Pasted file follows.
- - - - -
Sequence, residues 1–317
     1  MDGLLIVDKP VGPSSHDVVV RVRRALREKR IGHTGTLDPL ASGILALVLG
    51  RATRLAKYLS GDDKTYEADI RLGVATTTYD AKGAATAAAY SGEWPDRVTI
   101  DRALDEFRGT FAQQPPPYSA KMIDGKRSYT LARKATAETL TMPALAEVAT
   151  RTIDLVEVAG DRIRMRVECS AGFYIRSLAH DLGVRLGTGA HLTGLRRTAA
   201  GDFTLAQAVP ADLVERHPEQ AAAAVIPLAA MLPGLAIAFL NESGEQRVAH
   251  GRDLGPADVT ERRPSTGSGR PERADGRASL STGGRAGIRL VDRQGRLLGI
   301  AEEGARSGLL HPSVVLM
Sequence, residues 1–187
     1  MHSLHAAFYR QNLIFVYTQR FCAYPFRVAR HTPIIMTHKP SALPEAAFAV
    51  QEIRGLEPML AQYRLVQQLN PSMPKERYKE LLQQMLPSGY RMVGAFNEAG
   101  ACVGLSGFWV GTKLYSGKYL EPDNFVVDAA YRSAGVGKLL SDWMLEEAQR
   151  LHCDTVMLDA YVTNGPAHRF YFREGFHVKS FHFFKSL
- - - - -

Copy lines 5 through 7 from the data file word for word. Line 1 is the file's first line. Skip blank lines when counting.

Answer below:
   151  RTIDLVEVAG DRIRMRVECS AGFYIRSLAH DLGVRLGTGA HLTGLRRTAA
   201  GDFTLAQAVP ADLVERHPEQ AAAAVIPLAA MLPGLAIAFL NESGEQRVAH
   251  GRDLGPADVT ERRPSTGSGR PERADGRASL STGGRAGIRL VDRQGRLLGI